I only defame you as a way of defending you, for the masses and the enemy hasten to whomever we draw near and praise his station so as to cause harm to the one we love and bring close. They accuse such a one because of our love for him and his closeness and intimacy with us, and they consider causing him harm and even killing him as justified. On the other hand, they praise every one whom we fault even if his affair is not praiseworthy. Thus, I fault you because you have become notorious as a result of your association with us and your inclination towards us, which have caused you to become blamable in the eyes of the people and your works to be looked upon unfavourably, all this because of your love for us and your inclination towards us. So I wished to fault you so that they can praise your religious stand as a result of my denigrating and diminishing you, and this becomes a way of warding off their evil from you. 
      This narration is important because it is the lens through which all the negative narrations about Zurara should be seen. The Imam explains his rationale for publicly cursing Zurara i.e. the Imam is defending his companion through Taqiyya.  As he notes, the enemy wishes to bring down everyone they draw near, a fate which he does not wish for Zurara. Zurara was particularly at risk because of how many narrations he had from them and how closely he was associated to them.
       
      Allah Majestic and Mighty says: “as for the boat then it belonged to the poor working at sea so I wished to damage it because there was a king after them who seizes every good boat by force” (18:79) … No by Allah! he did not damage it except that it be saved from the king and is not ruined in his hands. It was a ‘good’ boat which had no question of being defective Allah be praised, so comprehend the parable, may Allah have mercy on you!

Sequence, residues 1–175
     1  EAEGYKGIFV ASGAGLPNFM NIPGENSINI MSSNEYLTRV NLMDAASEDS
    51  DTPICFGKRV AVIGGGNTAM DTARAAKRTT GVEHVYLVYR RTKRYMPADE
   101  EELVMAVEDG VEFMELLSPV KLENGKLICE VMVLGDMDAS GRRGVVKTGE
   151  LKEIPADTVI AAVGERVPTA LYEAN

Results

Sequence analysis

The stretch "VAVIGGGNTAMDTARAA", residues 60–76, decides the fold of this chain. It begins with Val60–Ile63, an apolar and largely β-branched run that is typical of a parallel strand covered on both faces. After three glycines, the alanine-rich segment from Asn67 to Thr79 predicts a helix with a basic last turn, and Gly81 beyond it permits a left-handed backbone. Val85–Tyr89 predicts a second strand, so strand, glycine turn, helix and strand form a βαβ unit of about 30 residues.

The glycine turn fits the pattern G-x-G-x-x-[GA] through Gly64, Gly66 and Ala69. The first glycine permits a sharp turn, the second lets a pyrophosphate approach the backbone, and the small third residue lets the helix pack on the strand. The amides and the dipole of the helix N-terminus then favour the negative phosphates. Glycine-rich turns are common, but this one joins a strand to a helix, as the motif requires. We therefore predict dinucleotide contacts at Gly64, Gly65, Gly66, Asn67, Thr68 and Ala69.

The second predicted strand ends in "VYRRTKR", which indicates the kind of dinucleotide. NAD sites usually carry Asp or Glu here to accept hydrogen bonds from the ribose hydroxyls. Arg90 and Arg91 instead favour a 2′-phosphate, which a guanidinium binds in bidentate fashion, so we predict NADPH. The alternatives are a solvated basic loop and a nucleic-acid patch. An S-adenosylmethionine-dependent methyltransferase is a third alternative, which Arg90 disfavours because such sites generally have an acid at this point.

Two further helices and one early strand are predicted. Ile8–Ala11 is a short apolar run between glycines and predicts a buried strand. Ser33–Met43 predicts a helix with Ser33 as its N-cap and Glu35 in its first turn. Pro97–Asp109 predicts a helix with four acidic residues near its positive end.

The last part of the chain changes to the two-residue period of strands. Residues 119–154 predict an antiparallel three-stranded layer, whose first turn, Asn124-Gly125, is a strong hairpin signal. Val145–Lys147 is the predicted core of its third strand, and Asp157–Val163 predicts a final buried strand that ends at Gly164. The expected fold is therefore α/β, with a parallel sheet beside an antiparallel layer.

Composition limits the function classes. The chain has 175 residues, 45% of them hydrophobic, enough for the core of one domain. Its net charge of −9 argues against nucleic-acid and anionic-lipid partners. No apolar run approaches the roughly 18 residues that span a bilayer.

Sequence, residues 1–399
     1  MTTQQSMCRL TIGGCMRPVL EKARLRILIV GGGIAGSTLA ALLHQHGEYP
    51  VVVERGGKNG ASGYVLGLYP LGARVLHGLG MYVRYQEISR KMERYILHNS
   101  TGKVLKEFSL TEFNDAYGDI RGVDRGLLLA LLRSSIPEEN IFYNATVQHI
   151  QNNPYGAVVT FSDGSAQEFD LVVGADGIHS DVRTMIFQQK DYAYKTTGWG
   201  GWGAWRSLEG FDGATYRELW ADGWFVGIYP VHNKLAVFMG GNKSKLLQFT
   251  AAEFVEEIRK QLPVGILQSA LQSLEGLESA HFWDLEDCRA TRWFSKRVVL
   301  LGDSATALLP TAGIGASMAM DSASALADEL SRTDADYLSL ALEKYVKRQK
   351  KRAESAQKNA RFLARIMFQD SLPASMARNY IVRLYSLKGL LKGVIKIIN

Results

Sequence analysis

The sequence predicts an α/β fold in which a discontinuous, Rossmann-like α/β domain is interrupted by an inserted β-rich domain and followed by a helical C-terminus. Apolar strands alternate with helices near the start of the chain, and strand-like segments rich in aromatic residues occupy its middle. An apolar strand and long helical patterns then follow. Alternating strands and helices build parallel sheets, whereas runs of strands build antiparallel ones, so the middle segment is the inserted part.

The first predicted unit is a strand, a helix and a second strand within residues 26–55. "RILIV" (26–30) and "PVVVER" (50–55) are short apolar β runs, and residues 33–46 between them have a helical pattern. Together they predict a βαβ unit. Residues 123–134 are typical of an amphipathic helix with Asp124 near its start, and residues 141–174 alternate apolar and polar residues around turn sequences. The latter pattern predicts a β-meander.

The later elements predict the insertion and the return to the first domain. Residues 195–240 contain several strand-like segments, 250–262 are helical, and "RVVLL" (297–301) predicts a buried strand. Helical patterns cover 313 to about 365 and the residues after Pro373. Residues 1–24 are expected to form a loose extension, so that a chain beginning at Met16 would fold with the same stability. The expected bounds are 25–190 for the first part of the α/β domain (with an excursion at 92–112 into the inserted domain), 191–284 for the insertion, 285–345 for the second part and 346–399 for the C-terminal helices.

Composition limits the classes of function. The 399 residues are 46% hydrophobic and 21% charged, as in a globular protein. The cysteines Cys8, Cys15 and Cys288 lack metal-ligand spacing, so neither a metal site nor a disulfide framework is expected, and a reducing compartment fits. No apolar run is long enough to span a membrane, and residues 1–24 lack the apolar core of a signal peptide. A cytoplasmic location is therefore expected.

The Imam likens his act of criticizing Zurara to Khidhr damaging the fisherman’s boat, both seem ostensibly cruel on the surface but they are ultimately done to secure the very person they seem to hurting.
       
      … this is a revelation from Allah [including the word] ‘good’ …
      The Qira’a of the Ahlulbayt includes the word صالحة in the verse which is not there in our existing copies. This can be seen as an interpretive addition which happens to be quite straightforward and does not go against conventional understanding. This is also how Ibn Mas`ud and Ubay b. Ka`b read the verse [See Tafsir al-Tabari].
       
      You are by Allah! the most beloved of people to me and the most beloved of the companions of my father in my estimation both in life and after death. Indeed you are the best boat in that tumultuous and stormy sea, and there is a tyrannical and usurping king after you, keeping watch for the crossing of every good boat returning from the sea of guidance so that he can take it for himself and seize it and its owners, so may the mercy of Allah be upon you in life and His mercy and pleasure be upon you after death.